THE DAY REPLAYED – The long wait was finally over for teams in Groups E and F as they got their FIFA Women’s World Cup Canada 2015™ campaigns up and running. Costa Rica and Spain became the seventh and eighth sides to make their debuts at the tournament, while two Brazilian veterans set new records in Montreal.
Spain 1–1 Costa Rica
Brazil 2–0 Korea Republic
France 1–0 England
Colombia 1–1 Mexico
Goal of the day
Colombia 1–1 Mexico, Daniela Montoya (82’)
Three of the day’s seven goals were eye-catching long-range strikes, but Daniela Montoya’s was the pick of the bunch. Tatiana Ariza was on the edge of the penalty area when she controlled a lofted pass with her back to goal. Shielding the ball from two defenders, she laid it back to Montoya, who unleashed a first-time effort from 25 yards that flew in off the underside of the crossbar.
There in spirit
Montoya’s goal to level the score at 1-1 for Colombia was remarkable in itself, but the team’s subsequent celebration was even better. No sooner had the ball rippled the net than the Cafeteras held up a shirt with Melissa Ortiz’s name and number, showing it to the crowd and television cameras by way of a dedication to her. An achilles injury may have forced Ortiz, one of the side’s key players, to withdraw from the squad shortly before the tournament kicked off, but she nevertheless remains very much a part of the ensemble in Canada.
All square between master and apprentice
The fact that Costa Rica are participating at these finals is down in large part to coaching duo Ignacio Quereda and Pedro Lopez. The pair, currently in charge of Spain’s women’s national team, worked for the Costa Rican Football Federation five years ago and actively helped in women’s football development programmes there. They appear to have done a good job, as their former charges were La Roja’s equals here. Come the final whistle the Spaniards were left disappointed with the draw, while Las Ticas celebrated as if they had won.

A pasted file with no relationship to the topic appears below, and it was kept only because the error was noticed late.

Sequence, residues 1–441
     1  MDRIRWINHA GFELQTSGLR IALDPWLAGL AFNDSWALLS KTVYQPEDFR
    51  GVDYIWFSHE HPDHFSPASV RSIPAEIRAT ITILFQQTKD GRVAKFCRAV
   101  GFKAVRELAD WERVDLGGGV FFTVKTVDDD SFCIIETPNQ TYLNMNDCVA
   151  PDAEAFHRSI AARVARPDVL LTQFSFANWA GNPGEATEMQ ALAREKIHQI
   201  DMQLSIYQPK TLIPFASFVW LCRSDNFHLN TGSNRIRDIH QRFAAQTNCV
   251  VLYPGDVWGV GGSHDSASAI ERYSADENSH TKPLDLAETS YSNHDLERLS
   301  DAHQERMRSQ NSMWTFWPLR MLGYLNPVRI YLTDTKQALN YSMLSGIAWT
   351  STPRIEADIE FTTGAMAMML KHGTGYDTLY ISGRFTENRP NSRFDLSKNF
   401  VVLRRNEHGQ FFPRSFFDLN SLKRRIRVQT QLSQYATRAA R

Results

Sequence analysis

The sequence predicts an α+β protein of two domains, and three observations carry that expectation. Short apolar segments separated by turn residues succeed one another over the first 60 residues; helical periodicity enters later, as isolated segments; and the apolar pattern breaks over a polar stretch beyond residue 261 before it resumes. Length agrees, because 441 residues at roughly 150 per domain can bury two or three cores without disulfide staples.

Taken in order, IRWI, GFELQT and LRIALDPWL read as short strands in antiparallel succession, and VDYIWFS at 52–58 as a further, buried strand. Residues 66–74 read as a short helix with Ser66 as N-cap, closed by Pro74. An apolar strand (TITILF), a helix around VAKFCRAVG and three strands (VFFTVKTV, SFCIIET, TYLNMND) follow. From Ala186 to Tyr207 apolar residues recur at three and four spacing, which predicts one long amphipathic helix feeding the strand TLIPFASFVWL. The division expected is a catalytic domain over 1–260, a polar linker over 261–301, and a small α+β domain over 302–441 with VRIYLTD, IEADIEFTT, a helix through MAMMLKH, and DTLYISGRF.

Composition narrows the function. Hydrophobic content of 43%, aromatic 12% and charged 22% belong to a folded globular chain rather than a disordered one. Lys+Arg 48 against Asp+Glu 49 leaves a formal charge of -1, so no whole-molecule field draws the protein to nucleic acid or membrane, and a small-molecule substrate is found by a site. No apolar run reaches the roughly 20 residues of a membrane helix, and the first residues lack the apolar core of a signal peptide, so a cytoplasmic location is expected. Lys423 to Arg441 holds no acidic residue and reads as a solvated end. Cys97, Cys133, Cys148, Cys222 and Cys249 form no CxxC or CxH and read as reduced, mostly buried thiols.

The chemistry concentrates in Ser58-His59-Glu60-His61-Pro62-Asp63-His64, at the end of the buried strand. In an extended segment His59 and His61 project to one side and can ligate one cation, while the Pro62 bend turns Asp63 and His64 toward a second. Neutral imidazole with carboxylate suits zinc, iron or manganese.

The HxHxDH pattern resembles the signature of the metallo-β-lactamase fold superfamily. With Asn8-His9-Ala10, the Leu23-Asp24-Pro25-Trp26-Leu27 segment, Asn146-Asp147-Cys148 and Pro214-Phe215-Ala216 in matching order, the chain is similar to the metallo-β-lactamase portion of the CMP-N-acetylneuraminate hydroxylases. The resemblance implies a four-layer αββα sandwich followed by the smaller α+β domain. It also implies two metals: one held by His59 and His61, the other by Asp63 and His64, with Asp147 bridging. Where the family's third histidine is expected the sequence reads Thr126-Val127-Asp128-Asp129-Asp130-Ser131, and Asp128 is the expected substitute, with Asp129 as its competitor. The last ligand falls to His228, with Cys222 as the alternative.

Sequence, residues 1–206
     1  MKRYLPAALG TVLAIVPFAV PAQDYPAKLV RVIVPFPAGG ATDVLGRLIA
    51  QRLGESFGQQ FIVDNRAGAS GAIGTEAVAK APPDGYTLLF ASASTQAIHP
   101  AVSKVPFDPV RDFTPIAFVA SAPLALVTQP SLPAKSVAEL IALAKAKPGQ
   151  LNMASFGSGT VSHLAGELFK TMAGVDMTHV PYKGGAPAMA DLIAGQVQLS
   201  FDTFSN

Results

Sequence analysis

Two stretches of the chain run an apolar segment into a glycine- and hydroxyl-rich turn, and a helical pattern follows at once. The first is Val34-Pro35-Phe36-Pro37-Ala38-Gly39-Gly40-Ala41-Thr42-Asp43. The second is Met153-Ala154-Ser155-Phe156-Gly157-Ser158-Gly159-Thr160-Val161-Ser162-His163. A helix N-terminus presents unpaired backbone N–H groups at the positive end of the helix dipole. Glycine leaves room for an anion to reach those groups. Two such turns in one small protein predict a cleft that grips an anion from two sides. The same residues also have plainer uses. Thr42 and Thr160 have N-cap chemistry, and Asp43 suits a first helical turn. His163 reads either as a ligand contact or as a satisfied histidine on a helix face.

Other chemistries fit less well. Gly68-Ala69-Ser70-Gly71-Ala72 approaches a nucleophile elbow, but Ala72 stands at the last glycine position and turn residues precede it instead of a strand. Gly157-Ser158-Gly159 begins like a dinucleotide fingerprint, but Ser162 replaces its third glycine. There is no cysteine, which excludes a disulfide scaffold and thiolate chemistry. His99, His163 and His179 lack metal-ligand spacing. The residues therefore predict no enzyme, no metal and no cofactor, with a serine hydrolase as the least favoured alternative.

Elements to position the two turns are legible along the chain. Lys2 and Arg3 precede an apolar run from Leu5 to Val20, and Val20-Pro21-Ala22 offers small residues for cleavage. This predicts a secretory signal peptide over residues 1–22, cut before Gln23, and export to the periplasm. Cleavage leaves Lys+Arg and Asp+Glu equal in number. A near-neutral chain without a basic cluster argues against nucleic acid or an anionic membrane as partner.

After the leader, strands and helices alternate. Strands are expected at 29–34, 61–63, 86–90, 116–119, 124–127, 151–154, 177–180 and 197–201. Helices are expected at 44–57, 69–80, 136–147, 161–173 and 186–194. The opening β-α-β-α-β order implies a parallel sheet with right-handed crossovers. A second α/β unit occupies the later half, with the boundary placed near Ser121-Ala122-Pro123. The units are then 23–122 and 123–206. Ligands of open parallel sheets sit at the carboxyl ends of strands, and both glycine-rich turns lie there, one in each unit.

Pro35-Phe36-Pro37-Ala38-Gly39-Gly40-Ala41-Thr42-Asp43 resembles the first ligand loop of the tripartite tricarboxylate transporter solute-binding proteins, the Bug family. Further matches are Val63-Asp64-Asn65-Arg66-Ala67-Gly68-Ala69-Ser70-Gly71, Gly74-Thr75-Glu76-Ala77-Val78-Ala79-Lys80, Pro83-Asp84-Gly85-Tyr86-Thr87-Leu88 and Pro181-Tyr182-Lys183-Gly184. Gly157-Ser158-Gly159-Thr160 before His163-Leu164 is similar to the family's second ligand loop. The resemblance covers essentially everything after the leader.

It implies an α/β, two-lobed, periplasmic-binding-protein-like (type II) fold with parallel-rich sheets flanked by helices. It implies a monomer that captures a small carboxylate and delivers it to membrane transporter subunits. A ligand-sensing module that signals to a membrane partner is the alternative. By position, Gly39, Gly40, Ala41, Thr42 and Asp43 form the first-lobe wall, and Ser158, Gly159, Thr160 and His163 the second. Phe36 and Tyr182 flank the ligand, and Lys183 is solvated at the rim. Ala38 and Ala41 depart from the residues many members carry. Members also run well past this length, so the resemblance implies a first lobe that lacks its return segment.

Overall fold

The heavens opened in Canada on Tuesday, with rain falling almost non-stop at both host venues. Yet while the four teams in Moncton battled the weather, the players in Montreal remained dry: once the roof of the Olympic Stadium was closed they enjoyed perfect playing conditions.
Deja vu for Marta
Marta’s strike against Korea Republic was her 15th goal at a Women’s World Cup, meaning she pulled away from Germany’s Birgit Prinz to become the outright all-time record goalscorer at the tournament. Curiously enough, her first goal at the finals, in 2003, was also a penalty against the Koreans.
6 – Formiga’s outing for Brazil against Korea means she has now participated at six of the seven Women’s World Cups to date, having only missed out on the inaugural edition in 1991. The 37-year-old, who has played in 22 games - of which she has won 14 and lost just five - has therefore appeared at more tournaments than anyone else apart from Homare Sawa, who has likewise taken part in six finals after playing her 19th Women’s World Cup match for Japan on Monday. Furthermore, Formiga’s goal set another new best mark, as she became the oldest player to have found the net in tournament history. Incidentally, Kristine Lilly holds the competition’s all-time appearance record after playing 30 matches for USA across five finals.
“They probably won’t want to see that poster much anymore.” France striker Eugenie Le Sommer, whose face adorns numerous adverts for the Women’s World Cup in Moncton, after scoring the winner against England.
Thursday 11 June
China PR – Netherlands (Commonwealth Stadium, Edmonton, 16:00)
Canada – New Zealand (Commonwealth Stadium, Edmonton, 19:00)
Germany – Norway (Lansdowne Stadium, Ottawa, 16:00)
Côte d’Ivoire – Thailand (Lansdowne Stadium, Ottawa, 19:00)
(All times given are local)